How Hard Is It Really To Hack The Bitcoin Network?
Considering the fact that over 95% of all cyber attacks are financially motivated, one cannot help but wonder: can the bitcoin network be hacked too? With a market cap of just over $780 billion, it is after all, a tempting target. Throughout its decade-plus history, Bitcoin has proven to be strikingly resilient to literally any type of shock or attack. So what is it that makes the Bitcoin blockchain so secure? Let’s find out!
Bitcoin is run on a blockchain, and blockchains are write-only ledgers, which is why Bitcoin transactions are irreversible. Having said that, there is nothing wrong with adding information to a block, but once it is written, under no circumstances will you be able to modify it.
Public Key Cryptography
Bitcoin uses public key cryptography (also known as asymmetric cryptography). In symmetric key algorithms, one key is used to both encrypt and decrypt content. However, with Bitcoin, it is different. The public key (which can be freely shared) is used to encrypt, and the private key (which must be known only to the owner) is used to decrypt, ensuring that the encrypted content can only be decrypted with the owner’s private key. This is one reason hacking the Bitcoin network is practically impossible. In fact, if an attacker wants to track down a private key, they would have to brute-force search every possible combination, and since a private key is a number between 1 and 2^256, the odds of actually finding one is 1 in 115 quattuorvigintillion, which is roughly around the number of atoms in the universe.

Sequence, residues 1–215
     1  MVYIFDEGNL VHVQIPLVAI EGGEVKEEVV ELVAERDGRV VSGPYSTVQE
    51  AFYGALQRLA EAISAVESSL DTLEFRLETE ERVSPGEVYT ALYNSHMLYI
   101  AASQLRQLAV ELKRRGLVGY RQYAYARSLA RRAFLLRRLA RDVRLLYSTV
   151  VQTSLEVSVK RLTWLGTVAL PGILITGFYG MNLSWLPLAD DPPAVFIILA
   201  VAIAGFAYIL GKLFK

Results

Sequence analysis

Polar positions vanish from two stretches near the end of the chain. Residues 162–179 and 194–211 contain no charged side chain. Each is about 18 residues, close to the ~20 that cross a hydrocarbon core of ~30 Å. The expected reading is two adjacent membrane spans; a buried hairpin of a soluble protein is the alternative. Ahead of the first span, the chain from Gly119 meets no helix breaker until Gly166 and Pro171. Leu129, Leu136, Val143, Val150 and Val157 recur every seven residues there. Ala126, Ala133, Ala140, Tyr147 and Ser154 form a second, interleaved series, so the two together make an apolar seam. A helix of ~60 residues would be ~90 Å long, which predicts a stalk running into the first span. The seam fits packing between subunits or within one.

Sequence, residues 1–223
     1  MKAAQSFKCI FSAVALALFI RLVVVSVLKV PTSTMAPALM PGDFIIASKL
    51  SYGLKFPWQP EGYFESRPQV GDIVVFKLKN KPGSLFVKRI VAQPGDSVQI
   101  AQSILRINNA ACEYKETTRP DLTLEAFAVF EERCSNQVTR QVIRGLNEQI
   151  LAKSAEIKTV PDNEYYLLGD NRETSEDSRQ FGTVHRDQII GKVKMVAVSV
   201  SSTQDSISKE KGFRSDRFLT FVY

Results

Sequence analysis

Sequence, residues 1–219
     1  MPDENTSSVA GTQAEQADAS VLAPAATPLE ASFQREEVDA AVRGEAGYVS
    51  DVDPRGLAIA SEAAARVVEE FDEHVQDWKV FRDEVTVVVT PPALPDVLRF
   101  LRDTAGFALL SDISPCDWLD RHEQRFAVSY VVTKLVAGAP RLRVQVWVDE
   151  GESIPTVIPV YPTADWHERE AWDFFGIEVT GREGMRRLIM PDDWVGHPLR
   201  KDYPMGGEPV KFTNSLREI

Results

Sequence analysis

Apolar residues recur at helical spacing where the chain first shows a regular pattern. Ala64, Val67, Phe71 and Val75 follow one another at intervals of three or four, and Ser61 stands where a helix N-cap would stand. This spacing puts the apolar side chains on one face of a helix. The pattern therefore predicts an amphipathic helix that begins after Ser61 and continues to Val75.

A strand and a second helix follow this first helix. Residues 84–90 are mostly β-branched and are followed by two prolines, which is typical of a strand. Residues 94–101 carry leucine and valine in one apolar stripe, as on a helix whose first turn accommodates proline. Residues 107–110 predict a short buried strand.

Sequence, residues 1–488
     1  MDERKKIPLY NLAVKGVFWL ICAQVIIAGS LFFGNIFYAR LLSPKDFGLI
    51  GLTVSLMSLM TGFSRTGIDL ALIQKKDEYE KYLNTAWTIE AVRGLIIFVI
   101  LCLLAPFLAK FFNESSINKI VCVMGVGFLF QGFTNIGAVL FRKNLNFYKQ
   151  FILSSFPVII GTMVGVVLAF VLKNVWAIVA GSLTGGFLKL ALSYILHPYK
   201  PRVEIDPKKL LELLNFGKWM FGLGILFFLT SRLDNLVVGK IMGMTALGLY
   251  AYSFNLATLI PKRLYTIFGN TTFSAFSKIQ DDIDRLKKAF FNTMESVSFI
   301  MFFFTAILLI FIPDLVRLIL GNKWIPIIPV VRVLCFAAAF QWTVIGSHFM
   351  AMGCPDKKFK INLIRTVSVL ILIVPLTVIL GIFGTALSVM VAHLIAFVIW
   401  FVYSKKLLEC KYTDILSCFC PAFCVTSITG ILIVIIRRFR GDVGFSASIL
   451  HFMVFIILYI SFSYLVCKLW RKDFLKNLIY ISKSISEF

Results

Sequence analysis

The traditional financial system uses a centralized ledger and is reliant on centralized parties such as banks to prevent fraudulent transactions by keeping a record of transactions. Blockchains on the other hand, use distributed ledger technology. Unlike centralized ledgers, distributed ledgers have no central data store. In a distributed ledger, as the name implies, the record of transactions is distributed among a number of separate parties to avoid potential vulnerabilities.
Last but not least, Bitcoin uses a public blockchain, meaning the transactions are visible to everyone, and although everyone can see other user’s belongings, there is no way to track them down to them since addresses are pseudonymous. The Bitcoin blockchain builds trust by leaving transactions visible and verifiable to all users.
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